Whiplash is caused by a sudden jolt or stretching of your neck which damages the ligaments. The most common causes of whiplash are traffic accidents, although it can occur in a variety of ways. The symptoms include swelling, headaches, dizziness and pain. In almost all cases, whiplash limits your mobility and can sometimes stop you going to work and/or driving while taking the time to recover.
In many cases, whiplash can be resolved within a few weeks with just a small amount of treatment. However, in some cases where whiplash is more serious, the symptoms may continue for a longer period of time. No matter the severity of your whiplash, if the accident that caused it was someone else’s fault then you may be able to make a personal injury claim.
If you do decide to pursue a claim for whiplash, our specialist team will consider what impact the injury has had on your financial situation, as well as the pain you’ve suffered and any implications that the injury may have on your future. Our expert team of friendly lawyers specialise in nothing but personal injury and illness. We are accredited by The Law Society and have advised thousands of clients in relation to whiplash injury claims. You can call us on our Freephone helpline on 0800 195 95 90 for a free, no obligation appraisal of your claim.
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FAQ About Whiplash Compensation:
Whiplash symptoms often vary from person to person, mainly depending on the situation in which the injury occurred and the treatment they received immediately thereafter. Most common whiplash symptoms include headaches, a stiff and sore neck, lower back pain, dizziness, difficulty sleeping, and in severe cases even pain or discomfort in the arms and legs.
The symptoms can be felt immediately, or they may take a few days to develop following the incident.
Many cases of whiplash can be recovered from over the span of a few weeks with just a small amount of treatment. However, in some cases where the whiplash was serious, the symptoms may continue long-term. Some of the most common whiplash treatments include:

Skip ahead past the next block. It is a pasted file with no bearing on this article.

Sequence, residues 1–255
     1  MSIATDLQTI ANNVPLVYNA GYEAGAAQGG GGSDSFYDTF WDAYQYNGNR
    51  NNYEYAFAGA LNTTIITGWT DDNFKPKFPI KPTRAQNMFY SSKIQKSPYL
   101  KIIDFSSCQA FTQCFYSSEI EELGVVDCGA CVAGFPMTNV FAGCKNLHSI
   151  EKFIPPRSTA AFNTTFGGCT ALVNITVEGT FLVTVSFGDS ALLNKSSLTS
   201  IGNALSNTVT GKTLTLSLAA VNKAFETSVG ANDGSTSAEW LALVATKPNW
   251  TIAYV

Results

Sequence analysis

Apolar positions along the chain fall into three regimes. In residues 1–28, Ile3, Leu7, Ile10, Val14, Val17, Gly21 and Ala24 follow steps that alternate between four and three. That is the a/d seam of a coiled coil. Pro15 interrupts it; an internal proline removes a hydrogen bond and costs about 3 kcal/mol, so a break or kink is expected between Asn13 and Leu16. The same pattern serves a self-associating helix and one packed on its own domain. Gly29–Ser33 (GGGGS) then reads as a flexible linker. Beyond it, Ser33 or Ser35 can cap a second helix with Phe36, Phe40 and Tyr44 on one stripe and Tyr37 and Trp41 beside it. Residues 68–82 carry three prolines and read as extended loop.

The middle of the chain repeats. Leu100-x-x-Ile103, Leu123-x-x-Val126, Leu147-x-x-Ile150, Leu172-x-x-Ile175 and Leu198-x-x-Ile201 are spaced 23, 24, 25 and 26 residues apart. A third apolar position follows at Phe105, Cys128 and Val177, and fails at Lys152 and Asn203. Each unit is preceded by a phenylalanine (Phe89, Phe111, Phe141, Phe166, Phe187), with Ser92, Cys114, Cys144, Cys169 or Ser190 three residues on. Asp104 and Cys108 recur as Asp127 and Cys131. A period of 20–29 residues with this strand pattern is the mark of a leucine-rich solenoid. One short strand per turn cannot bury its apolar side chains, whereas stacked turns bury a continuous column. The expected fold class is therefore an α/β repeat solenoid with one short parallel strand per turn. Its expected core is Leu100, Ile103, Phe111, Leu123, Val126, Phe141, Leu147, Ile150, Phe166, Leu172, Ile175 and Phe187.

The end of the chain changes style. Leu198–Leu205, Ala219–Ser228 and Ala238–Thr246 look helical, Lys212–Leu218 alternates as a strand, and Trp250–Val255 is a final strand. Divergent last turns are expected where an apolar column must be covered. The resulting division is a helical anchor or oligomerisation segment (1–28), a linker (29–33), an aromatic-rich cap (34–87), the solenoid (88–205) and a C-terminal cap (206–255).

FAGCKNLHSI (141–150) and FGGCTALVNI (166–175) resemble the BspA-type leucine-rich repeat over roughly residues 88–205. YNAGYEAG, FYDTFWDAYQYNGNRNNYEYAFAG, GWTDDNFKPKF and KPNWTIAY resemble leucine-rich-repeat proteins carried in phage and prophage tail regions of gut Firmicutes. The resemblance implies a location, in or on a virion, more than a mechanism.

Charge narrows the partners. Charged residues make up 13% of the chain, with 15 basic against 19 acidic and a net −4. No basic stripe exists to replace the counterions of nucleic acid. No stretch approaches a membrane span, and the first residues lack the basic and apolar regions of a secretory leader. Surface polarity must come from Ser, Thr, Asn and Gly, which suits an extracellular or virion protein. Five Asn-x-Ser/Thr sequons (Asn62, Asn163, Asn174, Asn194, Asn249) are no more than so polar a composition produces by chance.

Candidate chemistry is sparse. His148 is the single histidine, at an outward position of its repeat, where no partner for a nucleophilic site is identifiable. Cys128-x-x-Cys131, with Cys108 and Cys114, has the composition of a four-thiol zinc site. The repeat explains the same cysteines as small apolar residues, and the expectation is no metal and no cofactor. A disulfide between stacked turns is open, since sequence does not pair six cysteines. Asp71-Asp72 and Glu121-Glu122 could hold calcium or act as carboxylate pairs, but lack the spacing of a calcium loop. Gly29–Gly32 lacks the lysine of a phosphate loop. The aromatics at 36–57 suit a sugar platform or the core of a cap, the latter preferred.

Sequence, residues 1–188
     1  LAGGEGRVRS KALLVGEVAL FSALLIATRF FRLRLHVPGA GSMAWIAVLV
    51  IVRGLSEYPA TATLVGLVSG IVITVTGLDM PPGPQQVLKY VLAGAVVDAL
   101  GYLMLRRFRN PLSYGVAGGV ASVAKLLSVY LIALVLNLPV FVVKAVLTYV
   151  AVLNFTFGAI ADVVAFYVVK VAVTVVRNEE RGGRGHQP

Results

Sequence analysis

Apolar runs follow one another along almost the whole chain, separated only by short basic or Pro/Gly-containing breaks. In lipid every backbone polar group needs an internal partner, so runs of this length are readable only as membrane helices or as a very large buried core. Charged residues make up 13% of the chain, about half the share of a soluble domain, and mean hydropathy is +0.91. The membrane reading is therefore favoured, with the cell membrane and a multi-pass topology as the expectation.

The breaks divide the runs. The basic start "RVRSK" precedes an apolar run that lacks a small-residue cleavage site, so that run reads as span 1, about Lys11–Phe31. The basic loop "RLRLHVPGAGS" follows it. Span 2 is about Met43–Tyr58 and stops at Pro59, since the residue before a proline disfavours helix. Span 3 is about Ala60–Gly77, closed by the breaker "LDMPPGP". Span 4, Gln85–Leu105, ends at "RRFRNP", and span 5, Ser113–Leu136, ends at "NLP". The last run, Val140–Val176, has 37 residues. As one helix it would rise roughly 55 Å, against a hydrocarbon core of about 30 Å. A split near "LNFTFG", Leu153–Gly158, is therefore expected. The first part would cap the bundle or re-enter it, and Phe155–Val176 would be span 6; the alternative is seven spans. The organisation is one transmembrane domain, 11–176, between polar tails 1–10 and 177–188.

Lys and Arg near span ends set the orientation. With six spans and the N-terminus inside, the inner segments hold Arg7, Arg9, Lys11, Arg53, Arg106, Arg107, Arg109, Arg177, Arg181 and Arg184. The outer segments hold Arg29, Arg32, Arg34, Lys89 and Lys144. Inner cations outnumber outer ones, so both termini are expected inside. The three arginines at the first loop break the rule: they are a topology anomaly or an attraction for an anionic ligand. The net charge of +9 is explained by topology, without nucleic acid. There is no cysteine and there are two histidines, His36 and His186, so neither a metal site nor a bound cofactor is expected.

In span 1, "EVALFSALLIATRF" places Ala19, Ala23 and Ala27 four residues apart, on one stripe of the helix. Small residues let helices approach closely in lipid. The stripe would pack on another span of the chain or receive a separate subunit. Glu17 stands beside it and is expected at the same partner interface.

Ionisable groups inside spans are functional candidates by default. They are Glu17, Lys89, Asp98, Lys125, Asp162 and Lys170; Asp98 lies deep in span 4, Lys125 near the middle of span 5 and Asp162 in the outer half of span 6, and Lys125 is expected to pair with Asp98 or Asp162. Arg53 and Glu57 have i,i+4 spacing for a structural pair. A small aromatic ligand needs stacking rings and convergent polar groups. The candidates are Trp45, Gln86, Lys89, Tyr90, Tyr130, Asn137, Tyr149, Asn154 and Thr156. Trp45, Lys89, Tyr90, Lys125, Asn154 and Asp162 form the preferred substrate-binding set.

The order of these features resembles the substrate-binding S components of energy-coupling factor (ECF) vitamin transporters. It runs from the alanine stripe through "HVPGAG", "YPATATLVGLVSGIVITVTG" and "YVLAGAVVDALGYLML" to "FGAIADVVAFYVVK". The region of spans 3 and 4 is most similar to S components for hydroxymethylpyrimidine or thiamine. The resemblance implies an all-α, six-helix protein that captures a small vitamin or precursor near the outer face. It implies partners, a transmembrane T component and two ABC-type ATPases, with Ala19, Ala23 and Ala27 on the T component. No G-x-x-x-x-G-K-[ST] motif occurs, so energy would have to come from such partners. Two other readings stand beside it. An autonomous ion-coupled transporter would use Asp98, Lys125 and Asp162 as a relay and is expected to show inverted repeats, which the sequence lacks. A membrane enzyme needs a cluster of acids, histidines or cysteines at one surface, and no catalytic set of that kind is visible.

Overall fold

Keep Moving Your Neck
After suffering from whiplash, it is vital that your neck remains mobile. Try not resting the area for long periods of time. Recovery can be much quicker and the movement in the neck improved if it is kept mobile, despite any pain. Pain in the neck after whiplash is common, and movement will unlikely result in further damage to the area. In many cases, normal activities should be resumed. Laying down or sitting should be avoided for prolonged periods of time. Stiffness in the neck can be reduced by undergoing a controlled course of exercises for the neck. For the best neck exercise after whiplash, read the NHS whiplash leaflet.
You can also try some of the following methods to help with recovery and reduce any pain that the whiplash may be causing:
- Use a neck supporting pillow. Using a supportive neck pillow has helped a number of people sleep after suffering from whiplash. Multiple pillows and sleeping on the front of your body should be avoided.
- Warm pressure. To help to sooth the pain of whiplash, pressing a hot water bottle that has been prepared at a warm temperature to the area can be very beneficial. This can be done a few days after the accident, multiple times a time, for periods of up to 15 minutes.
- Use ice packs. While heat can help after a few days, ice can be more beneficial directly following your accident. Ice packs, or packs of frozen vegetables, can relieve swelling and sooth pain when applied multiple times a day for periods of up to 10 minutes at a time.
- Ensure your posture is correct- an upright position, straight back, and good posture, both when moving and stationary, can help with whiplash. Adjustments should be made to account for the whiplash, like moving your computer screen or chair to ensure good posture.